Robin 2 Club, Bilston, Wolverhampton
6th June 2012
The fact that there were three original members in this line-up alone warranted more of crowd than that which ventured forth to the Robin 2 Club, to see what was billed as The Deviants’ ‘only show out of London’. It may have had something to do with a collective post-Jubilee fatigue brought on by an extended bank holiday weekend; it may have been the diabolical weather (there’s nothing like a depressing wet and windy Wednesday afternoon in the West Midlands to dampen the spirits after all!). Or it might just have been that others were waiting to see them in London the following week, sharing a bill with Dirty Strangers, Sonja Kristina’s Acid Folk and headliners Beatnik Youth among others (as it happened that event had just been cancelled by the promoter but word had not yet filtered out). Or maybe it was a combination of all the above factors as to why this was so criminally under attended.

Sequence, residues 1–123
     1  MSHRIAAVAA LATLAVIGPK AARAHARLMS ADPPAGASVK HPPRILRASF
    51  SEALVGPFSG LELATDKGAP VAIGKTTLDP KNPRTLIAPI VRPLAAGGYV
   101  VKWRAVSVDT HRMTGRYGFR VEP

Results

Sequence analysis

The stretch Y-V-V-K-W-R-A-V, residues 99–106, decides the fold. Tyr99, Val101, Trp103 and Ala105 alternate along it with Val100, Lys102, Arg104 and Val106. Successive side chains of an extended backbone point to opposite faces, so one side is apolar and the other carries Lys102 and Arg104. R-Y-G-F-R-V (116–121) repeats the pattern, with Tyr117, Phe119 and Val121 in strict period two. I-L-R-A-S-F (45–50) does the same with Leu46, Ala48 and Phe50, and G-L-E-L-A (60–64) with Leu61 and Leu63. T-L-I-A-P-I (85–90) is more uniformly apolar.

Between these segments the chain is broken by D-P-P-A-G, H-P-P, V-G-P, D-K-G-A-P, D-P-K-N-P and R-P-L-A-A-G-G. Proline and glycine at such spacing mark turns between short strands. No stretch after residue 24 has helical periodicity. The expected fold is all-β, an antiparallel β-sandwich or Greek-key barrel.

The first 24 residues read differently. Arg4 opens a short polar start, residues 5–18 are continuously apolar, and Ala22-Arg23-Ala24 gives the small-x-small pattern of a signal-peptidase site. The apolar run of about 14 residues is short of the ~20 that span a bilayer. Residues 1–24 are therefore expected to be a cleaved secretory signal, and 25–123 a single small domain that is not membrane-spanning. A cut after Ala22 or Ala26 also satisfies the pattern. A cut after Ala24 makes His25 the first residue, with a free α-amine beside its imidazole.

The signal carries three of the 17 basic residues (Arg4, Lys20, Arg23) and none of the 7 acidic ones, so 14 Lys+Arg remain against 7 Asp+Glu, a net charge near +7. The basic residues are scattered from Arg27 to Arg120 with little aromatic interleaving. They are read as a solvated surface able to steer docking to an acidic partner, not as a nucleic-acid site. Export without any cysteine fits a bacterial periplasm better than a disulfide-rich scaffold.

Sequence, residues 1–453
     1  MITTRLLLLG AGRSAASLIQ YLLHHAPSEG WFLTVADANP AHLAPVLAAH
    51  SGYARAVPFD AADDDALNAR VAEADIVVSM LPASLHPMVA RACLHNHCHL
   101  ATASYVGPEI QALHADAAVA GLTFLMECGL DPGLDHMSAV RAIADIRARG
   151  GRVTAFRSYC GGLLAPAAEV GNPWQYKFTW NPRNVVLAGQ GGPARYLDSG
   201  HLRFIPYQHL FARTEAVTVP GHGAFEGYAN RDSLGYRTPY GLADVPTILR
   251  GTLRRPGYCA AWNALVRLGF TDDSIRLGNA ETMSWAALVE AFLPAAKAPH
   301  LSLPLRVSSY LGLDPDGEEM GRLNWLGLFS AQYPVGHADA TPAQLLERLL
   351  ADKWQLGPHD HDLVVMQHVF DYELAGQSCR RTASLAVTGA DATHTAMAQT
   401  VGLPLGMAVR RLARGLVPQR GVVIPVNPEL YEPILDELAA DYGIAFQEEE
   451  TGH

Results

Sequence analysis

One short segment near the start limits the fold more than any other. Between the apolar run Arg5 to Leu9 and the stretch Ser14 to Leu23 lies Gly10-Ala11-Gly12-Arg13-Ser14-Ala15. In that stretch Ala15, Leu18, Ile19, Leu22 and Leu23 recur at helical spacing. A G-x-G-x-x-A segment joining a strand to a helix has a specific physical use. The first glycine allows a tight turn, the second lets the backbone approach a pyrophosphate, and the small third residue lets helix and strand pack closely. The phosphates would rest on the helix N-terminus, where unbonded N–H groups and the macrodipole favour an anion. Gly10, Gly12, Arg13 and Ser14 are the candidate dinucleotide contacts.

That said, those that did make it were treated to a mighty fine performance by this recently reconvened and ever improving line-up of The Deviants; featuring the original Deviants frontman Mick Farren and rhythm section of Russell Hunter and Duncan Sanderson, as well as latter day Pink Fairy Andy Colquhoun, and Nik Turner’s Space Ritual alumni Jaki Windmill on percussion and backing vocals.
The Deviants opened with a song that the Pink Fairies’ used to play live way back in the day: a cover version of The Velvet Underground’s ‘I’m Waiting For The Man’. Sandy’s vocals may have been a little rusty at times, but there’s still nothing wrong with the way he handles the bass! As the first song ends Mick Farren enters and takes to his now customary stool - centre stage. Andy Colquhoun introduces him as the “Godfather of it all” and the band then launch into an old favourite from Farren’s 1978 solo album Vampires Stole My Lunch Money. Next up is a thunderous rendition of ‘Leader Hotel’ - originally an acoustic number by Farren’s Tijuana Bible project.